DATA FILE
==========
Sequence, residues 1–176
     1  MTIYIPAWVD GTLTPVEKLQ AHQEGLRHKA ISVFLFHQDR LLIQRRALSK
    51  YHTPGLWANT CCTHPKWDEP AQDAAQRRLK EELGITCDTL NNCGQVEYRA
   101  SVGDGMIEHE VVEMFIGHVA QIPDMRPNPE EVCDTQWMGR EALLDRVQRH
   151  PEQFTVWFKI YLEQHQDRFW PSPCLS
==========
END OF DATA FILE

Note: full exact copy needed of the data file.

Sequence, residues 1–176
     1  MTIYIPAWVD GTLTPVEKLQ AHQEGLRHKA ISVFLFHQDR LLIQRRALSK
    51  YHTPGLWANT CCTHPKWDEP AQDAAQRRLK EELGITCDTL NNCGQVEYRA
   101  SVGDGMIEHE VVEMFIGHVA QIPDMRPNPE EVCDTQWMGR EALLDRVQRH
   151  PEQFTVWFKI YLEQHQDRFW PSPCLS